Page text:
Eric Shaw is a drummer and Vice President, Creative Marketing at Sony Music Publishing where he spends his days pitching songs by the likes of The Beatles and Queen for advertising opportunities. Here, Shaw discusses the intricacies of his job and the most interesting developments across the music publishing sector.
How did you get into the music industry?
In the early 2000s I was kicking around NYC as a drummer in several bands just trying to figure out how to survive as a musician and working a variety of random jobs to make rent (bartending, office temp work, production assistant on mob funded vanity projects, etc.). At some point I was introduced by a roommate to a music producer from a big New York music house called JSM, which turned me on to a fascinating side of the music industry I had never considered but that seemed pretty fun and potentially lucrative – music in advertising. So, I took an internship there for $10 a day, three days a week, doing everything from setting up sessions to handling clients to the daily procurement of vodka and cigarette rations; but mostly I was desperately waiting for someone to get fired so I could get a job.
While there I met a lawyer (Lloyd Simon) who had rented some extra office space upstairs from the studio and who ran what was then a fairly novel business of providing music clearance services for advertising agencies looking to use licensed music in their commercials. Lloyd had realized that many of his clients came to him seeking songs that they couldn’t afford, and rather than lose the business he asked if I might be able to provide alternative suggestions that both worked creatively and were within budget.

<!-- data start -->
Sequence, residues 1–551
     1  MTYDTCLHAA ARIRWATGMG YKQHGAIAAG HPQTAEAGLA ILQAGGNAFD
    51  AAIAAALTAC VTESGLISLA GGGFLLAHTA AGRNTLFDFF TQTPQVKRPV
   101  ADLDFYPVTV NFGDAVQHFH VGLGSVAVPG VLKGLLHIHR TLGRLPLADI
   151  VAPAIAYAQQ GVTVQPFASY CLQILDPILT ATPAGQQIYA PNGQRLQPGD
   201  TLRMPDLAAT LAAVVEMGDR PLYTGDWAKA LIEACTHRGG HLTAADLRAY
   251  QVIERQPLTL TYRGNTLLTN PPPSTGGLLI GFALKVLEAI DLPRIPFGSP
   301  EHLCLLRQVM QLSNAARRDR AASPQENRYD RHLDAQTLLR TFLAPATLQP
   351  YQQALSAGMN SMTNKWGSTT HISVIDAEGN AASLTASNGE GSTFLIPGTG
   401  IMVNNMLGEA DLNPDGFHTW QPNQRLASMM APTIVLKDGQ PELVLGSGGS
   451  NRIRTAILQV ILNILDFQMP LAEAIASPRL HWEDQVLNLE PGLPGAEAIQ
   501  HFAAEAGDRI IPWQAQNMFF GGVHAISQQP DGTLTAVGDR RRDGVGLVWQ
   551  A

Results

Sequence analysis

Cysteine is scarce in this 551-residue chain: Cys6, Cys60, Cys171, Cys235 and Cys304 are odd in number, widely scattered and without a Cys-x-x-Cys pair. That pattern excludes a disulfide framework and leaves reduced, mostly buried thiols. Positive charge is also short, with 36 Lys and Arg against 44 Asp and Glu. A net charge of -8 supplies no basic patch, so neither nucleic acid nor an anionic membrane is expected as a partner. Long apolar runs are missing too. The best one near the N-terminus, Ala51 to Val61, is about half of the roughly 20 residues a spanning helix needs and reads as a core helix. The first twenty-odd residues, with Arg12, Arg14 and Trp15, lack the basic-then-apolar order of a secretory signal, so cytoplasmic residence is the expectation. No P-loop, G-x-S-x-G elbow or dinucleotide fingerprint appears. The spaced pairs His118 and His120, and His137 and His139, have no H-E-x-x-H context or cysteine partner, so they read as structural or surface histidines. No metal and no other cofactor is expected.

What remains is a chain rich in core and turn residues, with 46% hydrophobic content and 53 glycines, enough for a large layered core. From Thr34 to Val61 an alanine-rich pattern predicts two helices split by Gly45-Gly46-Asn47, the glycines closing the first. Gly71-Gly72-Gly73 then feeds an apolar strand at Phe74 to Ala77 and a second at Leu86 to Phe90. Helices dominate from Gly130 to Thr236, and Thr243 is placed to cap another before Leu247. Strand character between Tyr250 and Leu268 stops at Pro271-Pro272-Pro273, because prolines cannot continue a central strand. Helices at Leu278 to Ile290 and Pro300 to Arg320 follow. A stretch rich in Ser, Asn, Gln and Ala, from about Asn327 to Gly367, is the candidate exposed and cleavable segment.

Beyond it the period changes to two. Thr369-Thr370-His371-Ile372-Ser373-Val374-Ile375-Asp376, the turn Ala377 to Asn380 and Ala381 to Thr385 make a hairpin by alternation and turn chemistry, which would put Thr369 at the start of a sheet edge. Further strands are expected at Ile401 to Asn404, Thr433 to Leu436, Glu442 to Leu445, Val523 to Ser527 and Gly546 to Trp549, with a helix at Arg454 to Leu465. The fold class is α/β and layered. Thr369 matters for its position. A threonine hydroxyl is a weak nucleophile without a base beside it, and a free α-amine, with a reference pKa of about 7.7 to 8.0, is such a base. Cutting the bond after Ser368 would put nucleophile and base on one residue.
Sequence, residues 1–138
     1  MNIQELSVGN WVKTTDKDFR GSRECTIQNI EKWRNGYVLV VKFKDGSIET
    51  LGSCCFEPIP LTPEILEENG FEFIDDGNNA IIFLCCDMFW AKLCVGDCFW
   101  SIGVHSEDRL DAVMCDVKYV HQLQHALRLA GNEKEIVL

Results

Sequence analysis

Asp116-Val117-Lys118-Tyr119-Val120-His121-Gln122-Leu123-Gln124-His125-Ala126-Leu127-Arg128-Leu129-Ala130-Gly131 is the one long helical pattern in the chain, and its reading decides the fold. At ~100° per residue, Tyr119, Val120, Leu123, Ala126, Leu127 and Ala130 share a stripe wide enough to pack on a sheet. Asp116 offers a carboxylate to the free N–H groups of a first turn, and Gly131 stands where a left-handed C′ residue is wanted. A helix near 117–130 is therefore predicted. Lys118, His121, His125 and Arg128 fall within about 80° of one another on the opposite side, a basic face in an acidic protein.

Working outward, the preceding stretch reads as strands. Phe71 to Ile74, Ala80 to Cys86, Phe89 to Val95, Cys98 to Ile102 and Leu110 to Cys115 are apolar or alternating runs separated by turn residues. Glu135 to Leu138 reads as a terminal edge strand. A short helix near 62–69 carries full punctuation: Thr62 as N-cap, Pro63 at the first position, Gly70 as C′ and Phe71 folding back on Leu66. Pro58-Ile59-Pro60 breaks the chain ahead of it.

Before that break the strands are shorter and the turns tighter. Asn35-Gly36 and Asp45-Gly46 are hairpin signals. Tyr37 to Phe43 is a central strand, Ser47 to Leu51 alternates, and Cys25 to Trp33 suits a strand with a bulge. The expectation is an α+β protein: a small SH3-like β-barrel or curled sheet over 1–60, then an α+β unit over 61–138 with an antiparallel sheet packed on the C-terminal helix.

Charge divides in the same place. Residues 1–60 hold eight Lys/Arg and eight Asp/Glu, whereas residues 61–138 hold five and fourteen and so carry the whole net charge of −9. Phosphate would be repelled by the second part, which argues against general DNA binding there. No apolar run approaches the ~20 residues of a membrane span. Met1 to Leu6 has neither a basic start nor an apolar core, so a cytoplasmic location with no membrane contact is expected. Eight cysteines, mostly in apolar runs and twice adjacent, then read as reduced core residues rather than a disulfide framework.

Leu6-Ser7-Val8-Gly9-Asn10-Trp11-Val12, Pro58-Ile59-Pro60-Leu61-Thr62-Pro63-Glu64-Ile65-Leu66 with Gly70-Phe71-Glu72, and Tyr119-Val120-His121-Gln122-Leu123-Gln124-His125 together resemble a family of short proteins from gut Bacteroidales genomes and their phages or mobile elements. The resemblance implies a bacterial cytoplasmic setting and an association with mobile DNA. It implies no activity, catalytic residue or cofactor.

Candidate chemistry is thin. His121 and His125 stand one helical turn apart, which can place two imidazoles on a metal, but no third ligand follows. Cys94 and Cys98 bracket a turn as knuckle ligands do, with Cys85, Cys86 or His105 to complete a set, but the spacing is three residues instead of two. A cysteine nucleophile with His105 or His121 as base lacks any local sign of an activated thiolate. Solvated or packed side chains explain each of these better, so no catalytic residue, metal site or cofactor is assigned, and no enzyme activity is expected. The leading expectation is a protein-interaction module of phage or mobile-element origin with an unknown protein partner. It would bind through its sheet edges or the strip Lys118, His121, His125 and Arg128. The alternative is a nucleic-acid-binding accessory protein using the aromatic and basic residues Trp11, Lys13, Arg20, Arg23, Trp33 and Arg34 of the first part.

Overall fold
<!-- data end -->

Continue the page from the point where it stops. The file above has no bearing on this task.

As a pretty big music nerd who had worked in record stores all throughout high school and college, this seemed like a natural fit (although I truly hadn’t even known that recommending songs to picture, a.k.a. music supervision, was an actual occupation until that point). He showed me the ropes of licensing and clearance, I brought creative music supervision services to the business, and we were off and running. A few successful years later I switched sides to go to EMI Music Publishing to represent their catalog for sync placements, and many ownership changes later I am still there, although now it’s Sony Music Publishing.
What does your current job entail?
On the surface my job is to pitch and license songs from the Sony catalog for use in advertising, and that is primarily what I do. I am part of a team that is the conduit through which people can access the greatest music catalog in the history of the world (we have The Beatles, Queen, and Motown, just to start), so I send out custom playlists in response to creative briefs, build connections with music producers and supervisors, and negotiate deals all day long.
“What many people on the brand and agency side may not realize however, is how much internal relationship building goes on.”
What many people on the brand and agency side may not realize however, is how much internal relationship building goes on. Every songwriter in the catalog, current or legacy, wants to know that they are being well represented by their publisher for sync opportunities, so we spend a lot of time in discussions with our A&R teams, artists’ managers, and writers’ estates to stay on top of both what is coming up and what we have in the catalog. We are very serious about our responsibilities to protect and nurture the legacies of the songwriters we represent, facilitate fresh opportunities to help break new talent, and ultimately, to get all of our songwriters paid well for the use of their songs.